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5 Things We Learned on Saturday of the 2018 PGA Championship

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Round 3 has concluded at Bellerive, and golf could not ask for a finer leader board as Saturday evening falls. In fact, a populace could not be better served than the teaching professionals of America. The organization that introduces a majority of golfers to the game, polishes swings, refines etiquette, has a star-studded cast on stage for Sunday’s final round. The weather problems have left the region, and St. Louis and Bellerive are prepared for an unforgettable 4th round. We learned a few things on day 3, so let’s move along with 5 things we learned on Saturday at the PGA Championship.

5) Does the viewing public care about quality architecture more than a quality field?

Complete transparency: I’m an architecture junky and know the difference between Trent Jones and Travis, Dye and Doak, and Coore and MacDonald. Sometimes there isn’t much, other times, there is. The runway tees, constant same-direction doglegs, and fairway-pinching bunkering of the Trent Jones influence were certainly a reaction to the quality architecture that came before World War 2 in the USA, and a lightning rod for the renaissance that began in the early 1990s. Here’s the rub: Koepka, Scott, Rahm, Fowler, Woods Day, Thomas, Molinari, Kisner, Cink are in the top 15 after 54 holes. You have U.S. Open, British Open, Masters and PGA champions in that roll call, recent challengers and the best of a young generation. What’s not to like about that, whether the architecture is our finest or not? One thing’s for certain: the PGA of America set up the Bellerive course to challenge (but not burden) the field, and the superintendent and crew executed the plan to perfection.

4) What does it mean to be Under The Radar?

Andy North won 2 U.S. Opens and not much else. One other PGA Tour event, in fact. He wasn’t due any more attention than that, as he didn’t demonstrate any staying power or diversity in his wins. Eerily similar is the case of Brooks Koepka: a standard tour win (Phoenix) followed by … 2 U.S. Opens. You can’t say that Brooks Koepka is any better than Andy North, at this stage of his career. Therefore, he doesn’t merit any more attention or respect than other major winners in the field. How about Adam Scott, Stewart Cink, Webb Simpson or Jason Day? One major for each of them, and like Koepka, ready to break free of whatever distinction they currently have. All great players, but not yet part of a legendary pantheon.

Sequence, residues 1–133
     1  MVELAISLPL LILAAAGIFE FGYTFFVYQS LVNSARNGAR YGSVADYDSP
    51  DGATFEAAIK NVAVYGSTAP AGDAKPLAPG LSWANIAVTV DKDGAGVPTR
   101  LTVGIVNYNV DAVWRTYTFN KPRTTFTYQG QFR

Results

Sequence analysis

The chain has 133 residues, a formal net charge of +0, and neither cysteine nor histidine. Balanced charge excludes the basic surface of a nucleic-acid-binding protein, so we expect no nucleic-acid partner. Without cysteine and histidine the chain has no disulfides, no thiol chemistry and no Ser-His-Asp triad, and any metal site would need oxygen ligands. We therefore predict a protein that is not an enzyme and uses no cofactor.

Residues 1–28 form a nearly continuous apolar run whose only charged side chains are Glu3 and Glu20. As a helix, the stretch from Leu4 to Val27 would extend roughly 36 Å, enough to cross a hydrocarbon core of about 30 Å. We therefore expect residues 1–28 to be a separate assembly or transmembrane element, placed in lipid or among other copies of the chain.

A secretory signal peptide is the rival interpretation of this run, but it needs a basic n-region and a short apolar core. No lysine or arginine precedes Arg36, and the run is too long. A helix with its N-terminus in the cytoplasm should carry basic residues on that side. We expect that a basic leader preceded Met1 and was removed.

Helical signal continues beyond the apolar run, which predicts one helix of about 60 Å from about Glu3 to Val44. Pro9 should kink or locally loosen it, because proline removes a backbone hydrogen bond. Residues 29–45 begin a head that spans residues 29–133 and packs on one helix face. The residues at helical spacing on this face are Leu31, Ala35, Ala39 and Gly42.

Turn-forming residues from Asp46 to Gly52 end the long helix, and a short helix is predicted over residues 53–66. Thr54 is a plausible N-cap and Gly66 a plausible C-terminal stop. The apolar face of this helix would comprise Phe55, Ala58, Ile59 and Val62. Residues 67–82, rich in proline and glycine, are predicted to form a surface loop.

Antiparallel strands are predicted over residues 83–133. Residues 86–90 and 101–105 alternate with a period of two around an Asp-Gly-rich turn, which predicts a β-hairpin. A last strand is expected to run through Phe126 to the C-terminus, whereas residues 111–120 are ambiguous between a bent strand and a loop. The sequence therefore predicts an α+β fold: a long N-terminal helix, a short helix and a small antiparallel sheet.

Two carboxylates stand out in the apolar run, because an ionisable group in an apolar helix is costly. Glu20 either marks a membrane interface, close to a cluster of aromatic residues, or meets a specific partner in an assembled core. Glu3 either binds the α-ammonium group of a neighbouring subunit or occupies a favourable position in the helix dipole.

3) Who are these young guys, yet to win a major?

Jon Rahm is the most heralded of the younger generation. 23 years old, already a winner, already tabbed to perform in a legendary manner. Unfair burden, perhaps, but those who desire the mantel of greatness, must accept such an onus. Kevin Kisner has challenged so often in majors, these last 15 months. On Saturday, he played an un-Kisner like round of +2, dropping 5 shots off the pace set by Koepka at -12. Will the chance to come from behind suit him more than being a front-runner, as he was in July at Carnoustie? How about Gary Woodland? He’s 34, not a young guy by any stretch, but he needs a feature victory of his own. He fits the image of a PGA champion: hard-grinding journeyman who stays out of the spotlight, but has the game to produce at any moment.

2) How about the defending champion and the Jarrod Lyle factor?

Justin Thomas had 68 on Saturday for a total of 8-under. He’s a quartet of shots off the lead and not keen on giving up the Wannamaker trophy he won in 2017. He knows how to win from behind, and how to hold a lead. He’s awfully tough to beat when the stakes are high. On a completely-different plane, Adam Scott and Jason Day have the entire nation of Australia on their shoulders, as they try to win one for their fallen comrade, Jarrod Lyle. So many forms of motivation, only one winner.

1) Woods

The elephant in the room is a tiger. Tiger Woods had a chance in July at the British Open. He has consecutive 66s after opening with 70. Another 66 will get him to 12-under, but it won’t be enough to win. He’ll need 64, and he’ll need to do it in the company of Gary Woodland, in the 3rd-last pairing. Before he arrives at the first tee, Woods will have the information he needs on who is making a move, which holes offer an opportunity to save strokes, and what he might need to do. The rest will be up to Tiger 4.0, a mash-up of 2000, 2005 and 2008 Tiger Woods. If he shoots another 31 on the front nine, as he did on Saturday, watch out. I can’t wait. I CANNOT WAIT!!

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Ronald Montesano writes for GolfWRX.com from western New York. He dabbles in coaching golf and teaching Spanish, in addition to scribbling columns on all aspects of golf, from apparel to architecture, from equipment to travel. Follow Ronald on Twitter at @buffalogolfer.

7 Comments

7 Comments

  1. joro

    Aug 13, 2018 at 4:52 pm